The attack on Brazil’s seat of government by far-right supporters of the former president Jair Bolsonaro has left some works of art beyond repair. On 8 January thousands of protesters seeking to overturn the inauguration of Luiz Inácio “Lula” da Silva, held just eight days previously, ransacked the congress building, presidential palace and supreme court in the Brazilian capital, Brasília. Two museums in the Oscar Niemeyer-designed complex were also targeted.
Police detained 1,400 protesters and Brazil’s supreme court ordered the arrest of Anderson Torres, Brasilia’s security chief, an ally of the former president, accusing him of collusion with rioters. The court also suspended Ibaneis Rocha, the Brasilia state governor, for 90 days.
A report by IPHAN (National Historic and Artistic Heritage Institute), the government agency responsible for the preservation of listed buildings, details extensive graffiti, broken windows, smashed furniture and fittings together with arson and water damage.
Bandeira do Brasil (1995), a painting of the Brazilian flag on wood by the contemporary artist Jorge Eduardo, was set on fire and cannot be restored. A 17th-century pendulum clock by Balthazar Martinot is also thought to be irreparable. A gift from the French Court to Dom João VI of the Portuguese royal family in 1808, the clock was, according to IPHAN, left “broken from top to bottom, with numerous cracks, deformation and losses”; photographs show several components, including the face, missing.
I am used to this; it has happened to me before. All my work was against the dictatorship in Argentina—it was often destroyed.Marta Minujín, artist
Canvas ripped with stones
Among the works targeted, in what Lula has described as an attempted coup, was a large-scale canvas fresco, As Mulatas (1962), by the 20th-century painter Emiliano Di Cavalcanti, which was ripped in several places. Two installations by Athos Bulcão, who was part of Niemeyer’s design team, were also damaged, as were hundreds of items of furniture, including in the First Lady’s office.
Fernando Mendes, a spokesperson for the studio of Sergio Rodrigues, says that among the objects by the late Modernist designer to be targeted was a Gordon desk, Vitrine table, Navona armchair, Kiko armchair and Tião chair, all originally commissioned by Niemeyer.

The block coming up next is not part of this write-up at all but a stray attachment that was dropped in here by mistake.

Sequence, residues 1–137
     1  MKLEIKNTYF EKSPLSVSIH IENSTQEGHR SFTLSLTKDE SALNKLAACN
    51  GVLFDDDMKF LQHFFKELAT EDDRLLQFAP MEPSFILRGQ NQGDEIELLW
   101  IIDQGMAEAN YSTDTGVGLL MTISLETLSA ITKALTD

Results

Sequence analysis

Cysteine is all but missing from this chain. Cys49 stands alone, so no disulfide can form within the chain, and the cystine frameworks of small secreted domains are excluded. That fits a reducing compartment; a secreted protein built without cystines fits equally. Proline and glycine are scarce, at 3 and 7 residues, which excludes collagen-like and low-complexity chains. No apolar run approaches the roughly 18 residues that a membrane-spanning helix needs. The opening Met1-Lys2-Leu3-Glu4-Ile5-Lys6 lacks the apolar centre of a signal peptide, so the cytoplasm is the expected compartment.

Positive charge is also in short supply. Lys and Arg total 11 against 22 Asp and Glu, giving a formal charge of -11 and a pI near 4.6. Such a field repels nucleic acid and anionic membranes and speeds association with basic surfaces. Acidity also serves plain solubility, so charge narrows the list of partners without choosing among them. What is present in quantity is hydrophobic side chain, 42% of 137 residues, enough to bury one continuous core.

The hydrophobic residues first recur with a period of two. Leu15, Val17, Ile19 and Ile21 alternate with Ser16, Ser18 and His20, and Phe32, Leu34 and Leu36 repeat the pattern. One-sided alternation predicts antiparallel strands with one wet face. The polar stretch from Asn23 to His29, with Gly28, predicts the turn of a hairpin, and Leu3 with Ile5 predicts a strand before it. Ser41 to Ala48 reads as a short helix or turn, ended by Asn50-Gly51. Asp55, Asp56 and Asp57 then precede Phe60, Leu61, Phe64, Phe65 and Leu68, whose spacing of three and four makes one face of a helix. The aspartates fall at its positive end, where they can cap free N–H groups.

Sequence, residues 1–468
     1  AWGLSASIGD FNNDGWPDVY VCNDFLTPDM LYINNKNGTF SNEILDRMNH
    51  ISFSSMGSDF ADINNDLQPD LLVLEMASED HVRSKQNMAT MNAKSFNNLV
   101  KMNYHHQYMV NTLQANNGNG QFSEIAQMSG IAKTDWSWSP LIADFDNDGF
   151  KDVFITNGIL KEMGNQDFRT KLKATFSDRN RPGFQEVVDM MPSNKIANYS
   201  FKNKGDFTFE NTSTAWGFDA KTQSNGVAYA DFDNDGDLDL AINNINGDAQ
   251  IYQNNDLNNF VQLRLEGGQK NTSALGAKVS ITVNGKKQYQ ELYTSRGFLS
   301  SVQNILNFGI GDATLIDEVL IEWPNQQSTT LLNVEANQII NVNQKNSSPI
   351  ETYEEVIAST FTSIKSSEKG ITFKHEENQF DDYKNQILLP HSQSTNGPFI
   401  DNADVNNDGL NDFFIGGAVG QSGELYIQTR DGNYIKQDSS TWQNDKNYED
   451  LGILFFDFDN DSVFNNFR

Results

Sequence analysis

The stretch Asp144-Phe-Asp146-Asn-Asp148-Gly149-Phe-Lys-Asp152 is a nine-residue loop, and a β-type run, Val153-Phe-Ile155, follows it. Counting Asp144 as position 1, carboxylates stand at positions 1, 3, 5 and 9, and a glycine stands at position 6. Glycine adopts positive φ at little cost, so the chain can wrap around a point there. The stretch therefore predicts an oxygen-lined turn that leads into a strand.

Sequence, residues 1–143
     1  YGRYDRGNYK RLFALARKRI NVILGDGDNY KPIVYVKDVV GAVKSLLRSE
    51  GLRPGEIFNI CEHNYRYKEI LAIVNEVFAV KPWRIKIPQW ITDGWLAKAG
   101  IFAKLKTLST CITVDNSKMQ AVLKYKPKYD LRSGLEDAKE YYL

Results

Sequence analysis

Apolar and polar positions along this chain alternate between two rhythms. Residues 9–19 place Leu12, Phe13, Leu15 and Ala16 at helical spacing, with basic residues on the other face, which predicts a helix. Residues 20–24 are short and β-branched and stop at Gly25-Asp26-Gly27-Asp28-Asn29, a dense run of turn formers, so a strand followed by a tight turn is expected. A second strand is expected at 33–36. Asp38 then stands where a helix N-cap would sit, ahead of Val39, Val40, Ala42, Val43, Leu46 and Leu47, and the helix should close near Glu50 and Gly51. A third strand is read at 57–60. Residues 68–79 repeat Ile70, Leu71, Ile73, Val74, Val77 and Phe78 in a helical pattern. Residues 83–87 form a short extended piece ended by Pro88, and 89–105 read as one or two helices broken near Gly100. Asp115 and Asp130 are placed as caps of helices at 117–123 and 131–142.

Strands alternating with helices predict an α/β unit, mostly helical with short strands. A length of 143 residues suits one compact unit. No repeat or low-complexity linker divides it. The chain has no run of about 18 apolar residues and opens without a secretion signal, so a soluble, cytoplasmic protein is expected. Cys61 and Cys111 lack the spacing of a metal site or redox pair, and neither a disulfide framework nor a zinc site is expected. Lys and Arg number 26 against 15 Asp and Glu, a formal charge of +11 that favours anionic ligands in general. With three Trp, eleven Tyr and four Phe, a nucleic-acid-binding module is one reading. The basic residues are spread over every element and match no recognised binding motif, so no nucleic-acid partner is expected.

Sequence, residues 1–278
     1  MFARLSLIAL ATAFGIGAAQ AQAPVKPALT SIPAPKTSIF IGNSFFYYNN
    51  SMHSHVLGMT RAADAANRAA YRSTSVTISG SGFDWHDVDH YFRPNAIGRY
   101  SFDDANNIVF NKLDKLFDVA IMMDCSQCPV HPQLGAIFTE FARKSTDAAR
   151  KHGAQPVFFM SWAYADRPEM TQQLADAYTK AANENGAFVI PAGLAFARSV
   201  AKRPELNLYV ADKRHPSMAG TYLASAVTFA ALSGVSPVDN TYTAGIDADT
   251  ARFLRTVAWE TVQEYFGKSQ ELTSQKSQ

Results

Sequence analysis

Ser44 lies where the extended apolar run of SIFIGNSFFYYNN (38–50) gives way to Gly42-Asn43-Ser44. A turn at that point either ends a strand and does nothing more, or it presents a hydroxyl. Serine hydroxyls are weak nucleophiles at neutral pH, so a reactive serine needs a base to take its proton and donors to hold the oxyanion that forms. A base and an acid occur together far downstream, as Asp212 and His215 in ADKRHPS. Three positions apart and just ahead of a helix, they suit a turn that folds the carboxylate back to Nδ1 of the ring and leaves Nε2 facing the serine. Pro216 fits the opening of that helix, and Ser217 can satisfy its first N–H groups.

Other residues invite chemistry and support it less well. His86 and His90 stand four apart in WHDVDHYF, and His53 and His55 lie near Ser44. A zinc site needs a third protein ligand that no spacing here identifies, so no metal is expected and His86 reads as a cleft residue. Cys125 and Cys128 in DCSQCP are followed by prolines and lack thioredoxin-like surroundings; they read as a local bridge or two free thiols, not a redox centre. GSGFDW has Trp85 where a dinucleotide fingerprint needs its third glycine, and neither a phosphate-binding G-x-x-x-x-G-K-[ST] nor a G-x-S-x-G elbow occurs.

Also damaged was a wooden abstract sculpture by Frans Krajcberg, broken in four places. João Carlos de Oliveira of the Institute of Artistic and Cultural Heritage of Bahia, which manages the Polish-born artist’s estate, questions whether the work should be repaired. “A key feature of fascism is the systematic attack on culture. It is, therefore, symbolic and outrageous—[this] unprecedented level of vandalism committed against symbols of the Brazilian republic,” he says. “I believe the artist would choose to keep his vandalised sculpture as part of a memorial to the events of 8 January.”
The idea of a memorial, featuring some of the damaged work, was mooted by Margareth Menezes, the new minister of culture. At a press conference, Menezes said that while no decision had been made, “a memorial would preserve the memory of the attack, so that violence of this level can never happen again”.
Marta Minujín, an Argentinian artist, said she had no idea her Surrealist bust Vênus Apocalíptica (1983) was in the Brazilian government’s collection until she saw pictures of it dumped at the bottom of the ramp to congress. “It’s a shame, but I am used to this; it has happened to me before,” she says. “All my work was against the dictatorship in Argentina—it was often destroyed.”